Mercy Yoo recounted the assassination attempt to Mrs Ingleby, then said, “We’ve got to get Coral out of here, not just for her safety but for everybody else in this shelter. If those guys come here there’s no telling what might happen.”
Both women looked over at Coral. The girl sat on the edge of her bed with her hands balled into tight fists, and her eyes staring back at them like a child confused by a world that had spun out of control.
“You said you had her tracking device in your office safe,” Mercy reminded Mrs. Ingleby.
All three moved through to the office but just as Mrs. Ingleby crouched down in front of the safe, Mercy said, “No. Wait.”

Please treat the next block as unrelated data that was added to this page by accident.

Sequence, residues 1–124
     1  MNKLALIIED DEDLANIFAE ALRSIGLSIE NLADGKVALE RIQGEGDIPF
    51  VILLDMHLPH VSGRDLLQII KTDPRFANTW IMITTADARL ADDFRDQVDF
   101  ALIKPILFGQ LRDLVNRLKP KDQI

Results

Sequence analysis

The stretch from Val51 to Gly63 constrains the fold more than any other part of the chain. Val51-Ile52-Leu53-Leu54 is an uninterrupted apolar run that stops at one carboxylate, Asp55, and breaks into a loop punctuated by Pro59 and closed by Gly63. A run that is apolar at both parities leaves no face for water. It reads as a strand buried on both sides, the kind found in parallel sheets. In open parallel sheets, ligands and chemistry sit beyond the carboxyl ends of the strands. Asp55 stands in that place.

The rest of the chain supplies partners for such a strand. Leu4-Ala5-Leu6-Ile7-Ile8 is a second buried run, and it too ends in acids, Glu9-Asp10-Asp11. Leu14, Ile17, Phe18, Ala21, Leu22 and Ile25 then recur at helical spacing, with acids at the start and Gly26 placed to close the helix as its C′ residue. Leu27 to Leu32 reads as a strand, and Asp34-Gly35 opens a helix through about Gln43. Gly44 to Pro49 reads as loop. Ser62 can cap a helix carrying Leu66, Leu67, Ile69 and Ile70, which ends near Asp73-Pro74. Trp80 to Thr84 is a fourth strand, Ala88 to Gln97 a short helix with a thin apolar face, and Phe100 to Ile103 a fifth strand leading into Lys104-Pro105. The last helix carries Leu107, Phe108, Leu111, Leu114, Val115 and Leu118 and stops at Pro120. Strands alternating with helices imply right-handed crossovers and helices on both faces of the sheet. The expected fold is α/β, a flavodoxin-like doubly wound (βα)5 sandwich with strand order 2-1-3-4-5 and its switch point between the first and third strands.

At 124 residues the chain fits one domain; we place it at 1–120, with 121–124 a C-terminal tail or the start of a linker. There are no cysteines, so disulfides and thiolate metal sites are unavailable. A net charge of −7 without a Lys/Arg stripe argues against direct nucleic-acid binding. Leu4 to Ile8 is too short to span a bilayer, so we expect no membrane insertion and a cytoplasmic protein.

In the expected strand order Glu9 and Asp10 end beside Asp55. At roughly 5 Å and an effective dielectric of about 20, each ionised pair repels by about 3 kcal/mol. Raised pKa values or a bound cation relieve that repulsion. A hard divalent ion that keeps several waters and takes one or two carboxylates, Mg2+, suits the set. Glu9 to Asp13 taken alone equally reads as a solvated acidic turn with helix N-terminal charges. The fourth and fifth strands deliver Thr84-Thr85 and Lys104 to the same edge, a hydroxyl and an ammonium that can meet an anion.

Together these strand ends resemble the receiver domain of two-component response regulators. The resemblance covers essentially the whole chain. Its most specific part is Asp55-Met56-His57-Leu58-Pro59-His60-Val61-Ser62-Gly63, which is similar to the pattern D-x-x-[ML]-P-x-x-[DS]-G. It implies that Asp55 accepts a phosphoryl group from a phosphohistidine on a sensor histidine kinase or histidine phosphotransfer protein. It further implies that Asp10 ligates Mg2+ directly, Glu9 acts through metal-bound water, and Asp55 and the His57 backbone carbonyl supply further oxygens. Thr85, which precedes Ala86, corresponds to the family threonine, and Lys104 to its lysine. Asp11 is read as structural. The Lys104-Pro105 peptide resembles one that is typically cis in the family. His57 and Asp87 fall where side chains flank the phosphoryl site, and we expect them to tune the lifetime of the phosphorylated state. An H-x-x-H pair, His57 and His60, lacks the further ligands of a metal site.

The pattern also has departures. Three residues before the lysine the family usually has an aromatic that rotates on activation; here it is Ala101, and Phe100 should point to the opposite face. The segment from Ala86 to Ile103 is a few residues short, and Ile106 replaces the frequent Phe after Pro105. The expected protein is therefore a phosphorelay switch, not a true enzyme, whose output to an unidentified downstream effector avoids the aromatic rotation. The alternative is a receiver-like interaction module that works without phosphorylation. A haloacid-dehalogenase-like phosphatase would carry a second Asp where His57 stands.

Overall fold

“What’s wrong? Don’t you want it?”
“I thought I did,” said Mercy, “but it may be that the walls of your safe are preventing the signal from being transmitted. If we remove it from the safe, it may start transmitting again…”
Mrs. Ingleby shook her head. “Doesn’t make sense,” she argued. “It would have been transmitting freely up until the moment Dr. Vincenti removed it and we put it in the safe. So whoever installed it … we’re assuming The Belonging, aren’t we? … will already know where she is.”
“Shit,” said Mercy. “You’re right. Give me a minute to think.” It didn’t take a minute. Ten seconds later she resumed. “Open the safe. Get it out. Coral and I are going on a little trip and then I’m taking her to a safe place.”
Mrs. Ingleby was hesitant. “Where are you taking her? You don’t really know her. I don’t really know you. How do I know I can trust you?”